HIGH and LOW are supposed to represent the states of a digital input or output pin, and it is rather
unwise to conflate that with the boolean/bool/logical type TRUE and FALSE.
Even if this coincidentally happens to work on some particular hardware ( because those keywords happen
to be replaced by 0 and 1 , for example ), it's still a bad idea.
So where you say
boolean isHighLow = HIGH;
boolean HighLowToggle = (isHighLow == HIGH)? HIGH : LOW;
Your first line is wrong, because "HIGH" isn't really a proper keyword for the state of a boolean variable.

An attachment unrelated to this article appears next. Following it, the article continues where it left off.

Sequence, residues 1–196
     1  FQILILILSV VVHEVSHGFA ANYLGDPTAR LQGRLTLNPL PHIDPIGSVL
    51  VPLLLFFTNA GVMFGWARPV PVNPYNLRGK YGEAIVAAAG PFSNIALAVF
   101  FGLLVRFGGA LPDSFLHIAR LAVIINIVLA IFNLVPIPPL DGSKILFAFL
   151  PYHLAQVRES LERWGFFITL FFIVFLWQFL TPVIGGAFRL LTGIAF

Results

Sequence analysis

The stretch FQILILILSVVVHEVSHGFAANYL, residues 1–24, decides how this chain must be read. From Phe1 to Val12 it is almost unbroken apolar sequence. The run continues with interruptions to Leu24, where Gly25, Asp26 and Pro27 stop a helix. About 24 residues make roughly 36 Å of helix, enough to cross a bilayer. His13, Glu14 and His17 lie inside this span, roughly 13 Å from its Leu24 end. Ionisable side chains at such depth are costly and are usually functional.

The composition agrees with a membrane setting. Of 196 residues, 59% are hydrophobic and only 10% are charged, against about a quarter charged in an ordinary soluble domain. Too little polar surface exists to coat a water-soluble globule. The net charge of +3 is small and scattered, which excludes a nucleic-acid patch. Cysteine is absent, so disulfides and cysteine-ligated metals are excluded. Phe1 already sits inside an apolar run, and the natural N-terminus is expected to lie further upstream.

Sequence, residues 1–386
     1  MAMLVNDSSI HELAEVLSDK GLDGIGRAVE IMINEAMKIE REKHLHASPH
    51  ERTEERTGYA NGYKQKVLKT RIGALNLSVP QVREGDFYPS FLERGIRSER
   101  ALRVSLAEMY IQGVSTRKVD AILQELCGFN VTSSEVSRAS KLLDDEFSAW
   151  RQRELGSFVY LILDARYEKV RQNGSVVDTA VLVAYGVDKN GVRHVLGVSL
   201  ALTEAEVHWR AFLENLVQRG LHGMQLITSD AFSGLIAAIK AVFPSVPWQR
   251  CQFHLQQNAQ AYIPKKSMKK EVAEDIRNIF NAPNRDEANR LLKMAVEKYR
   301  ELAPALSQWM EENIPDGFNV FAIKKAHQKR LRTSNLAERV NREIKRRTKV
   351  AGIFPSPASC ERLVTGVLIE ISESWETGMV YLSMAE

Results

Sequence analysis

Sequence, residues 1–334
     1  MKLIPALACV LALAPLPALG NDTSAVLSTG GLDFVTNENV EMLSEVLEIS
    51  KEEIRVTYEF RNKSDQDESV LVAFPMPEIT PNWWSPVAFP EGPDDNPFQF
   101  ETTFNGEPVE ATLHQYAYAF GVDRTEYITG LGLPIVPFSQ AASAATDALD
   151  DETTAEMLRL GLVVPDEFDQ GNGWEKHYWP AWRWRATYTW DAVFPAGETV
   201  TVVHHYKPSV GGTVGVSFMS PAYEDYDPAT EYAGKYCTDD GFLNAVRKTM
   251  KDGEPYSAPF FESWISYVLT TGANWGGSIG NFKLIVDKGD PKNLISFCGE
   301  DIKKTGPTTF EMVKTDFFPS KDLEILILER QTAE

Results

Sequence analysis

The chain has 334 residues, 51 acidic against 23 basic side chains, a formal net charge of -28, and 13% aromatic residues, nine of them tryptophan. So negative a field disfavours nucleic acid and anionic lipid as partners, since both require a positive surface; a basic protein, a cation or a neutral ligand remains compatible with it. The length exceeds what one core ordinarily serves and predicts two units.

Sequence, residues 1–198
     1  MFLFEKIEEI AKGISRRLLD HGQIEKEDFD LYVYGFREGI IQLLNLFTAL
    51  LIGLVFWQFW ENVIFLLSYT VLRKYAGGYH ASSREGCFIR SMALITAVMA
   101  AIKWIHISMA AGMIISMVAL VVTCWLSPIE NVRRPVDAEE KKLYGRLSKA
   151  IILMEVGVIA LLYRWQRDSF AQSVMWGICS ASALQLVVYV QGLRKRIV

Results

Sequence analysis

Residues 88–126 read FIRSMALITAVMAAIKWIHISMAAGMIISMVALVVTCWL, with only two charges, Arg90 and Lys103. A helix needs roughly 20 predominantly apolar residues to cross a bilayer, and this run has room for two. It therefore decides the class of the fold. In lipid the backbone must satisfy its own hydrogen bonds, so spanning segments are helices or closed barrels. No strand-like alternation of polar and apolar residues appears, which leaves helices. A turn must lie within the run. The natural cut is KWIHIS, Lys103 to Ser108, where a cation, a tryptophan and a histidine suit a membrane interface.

Even if this compiler lets you do it.
Your second line is wrong for the same reason.
And if you have some boolean variable and you want to use the so-called "ternary operator", there is no need
to check the equality of a boolean variable to anything, the boolean variable itself represents the boolean state.
boolean select=TRUE ;
int value = (select)?3:4 ;
int another_value = ( select == TRUE )?3:4 ; // the equality test is unnecessary and pointless here ( except in Ada, perhaps )